“You deplore the demonstrations taking place in Birmingham. But your statement, I am sorry to say, fails to express a similar concern for the conditions that brought about the demonstrations.” – Martin Luther King, Jr. 1963
“He had a dream now it’s up to you to see it through, to make it come true” – “King Holiday”
Nineteen eighty eight was, on the US pop music chart, one of those in-between years. The “New Wave” British invasion had greatly subsided and England wasn’t as much of a presence on the charts as it was a few years earlier. Rap was increasing in popularity and hitting the top 40 more frequently, though it was still a far cry from the dominant position it holds today. Of the hip hop song’s on today’s playlist, only two made it onto the Billboard Hot 100 – LL Cool J’s “Goin’ Back to Cali,” which peaked at #31, despite selling a million copies, and Rob Base & D.J. E-Z Rock’s “It Takes Two,” which peaked at #36, despite selling two million copies. Alternative music lived up to its genre name as an alternative to the music on the pop chart, so if you wanted to hear Sonic Youth or The Dead Milkmen or The Primitives, you had to tune into college radio or the stations on the left side of your FM dial. Those artists, alongside U2, R.E.M. and INXS, could be found on Billboard’s Modern Rock chart, which premiered in September of 1988. New Jack Swing tracks from artists such as Keith Sweat remained popular on Black radio and crossed over, while Black artists such as Tracy Chapman and Living Colour failed to make much of an impression on Black radio. So-called Hair Metal was a presence on the pop chart; grunge would help fix that in a few years. Configuration-wise, CDs outsold vinyl LPs for the first time in 1988, though cassettes outsold both.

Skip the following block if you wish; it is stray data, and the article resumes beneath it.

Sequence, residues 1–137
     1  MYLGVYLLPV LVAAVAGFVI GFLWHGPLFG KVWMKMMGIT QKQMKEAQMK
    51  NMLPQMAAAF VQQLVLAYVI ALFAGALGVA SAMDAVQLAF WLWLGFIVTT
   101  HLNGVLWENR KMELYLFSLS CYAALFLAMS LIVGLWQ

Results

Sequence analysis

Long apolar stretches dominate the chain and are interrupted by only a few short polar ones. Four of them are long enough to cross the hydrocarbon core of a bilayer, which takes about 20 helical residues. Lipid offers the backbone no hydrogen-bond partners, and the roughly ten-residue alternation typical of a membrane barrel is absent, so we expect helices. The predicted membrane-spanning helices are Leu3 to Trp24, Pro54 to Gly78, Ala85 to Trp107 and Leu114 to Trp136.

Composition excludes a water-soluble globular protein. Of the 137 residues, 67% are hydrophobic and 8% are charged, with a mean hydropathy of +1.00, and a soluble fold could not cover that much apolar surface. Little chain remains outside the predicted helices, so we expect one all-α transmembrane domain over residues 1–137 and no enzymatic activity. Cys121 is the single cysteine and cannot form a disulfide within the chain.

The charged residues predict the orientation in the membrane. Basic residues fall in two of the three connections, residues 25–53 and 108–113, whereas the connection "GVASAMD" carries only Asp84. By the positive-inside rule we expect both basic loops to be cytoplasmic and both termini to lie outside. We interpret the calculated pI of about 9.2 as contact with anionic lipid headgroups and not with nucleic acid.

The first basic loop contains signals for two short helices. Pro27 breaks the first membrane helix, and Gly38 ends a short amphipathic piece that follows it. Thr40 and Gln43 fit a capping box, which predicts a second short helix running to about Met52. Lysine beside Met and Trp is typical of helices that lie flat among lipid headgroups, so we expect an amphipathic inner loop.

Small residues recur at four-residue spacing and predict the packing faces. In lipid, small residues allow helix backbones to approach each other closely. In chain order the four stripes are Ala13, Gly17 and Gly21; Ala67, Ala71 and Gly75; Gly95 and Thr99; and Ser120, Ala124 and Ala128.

Inspired by the season and the December 8 birthdays of Sinéad O’Connor, The Doors’ Jim Morrison, Nicki Minaj, Gregg Allman, Jerry Butler, Dan Hartman, Geto Boys’ Bushwick Bill, Sammy Davis Jr., Chrisette Michele, Alice Deejay’s Judith Pronk and Martin Circus’ Gerard Blanc.
Inspired by the November 8 birthdays of Bonnie Raitt, Against Me!’s Laura Jane Grace, Eric B., Rickie Lee Jones, Sam Sparro, Wizzard’s Roy Wood, Minnie Riperton, The Manhattans’ Gerald Alston, Leif Garrett, Khia, J.J. Jackson, Diana King, Patti Page, Icona Pop’s Caroline Hjelt and Glass Tiger’s Alan Frew.
Inspired by Halloween, the passing of Sean Connery, and the October 31 birthdays of Beastie Boys‘ Ad-Rock, U2‘s Larry Mullen Jr., Chic’s Bernard Edwards, Tom Paxton, Vanilla Ice, The Del-Vikings’ Norman Wright, Bow Wow Wow’s Annabella Lwin, Guy Marks and Argent’s Russ Ballard.
Inspired by the October 25 birthday of The Simpsons’ Nancy Cartwright, Yes’ Jon Anderson, Helen Reddy, Arrested Development’s Speech, Ciara, Katy Perry, Chris Norman, Divinyls’ Christina Amphlett, Starland Vocal Band’s Taffy Danoff, Art Brut’s Eddie Argos, and Pablo Picasso.
Inspired by the September 10 birthdays of Bananarama’s Siobhan Fahey, Three Dog Night’s Danny Hutton, Camper Van Beethoven/Cracker’s David Lowery, Ashley Monroe, Big Daddy Kane, José Feliciano and Avenue Q co-composer/lyricist Jeff Marx.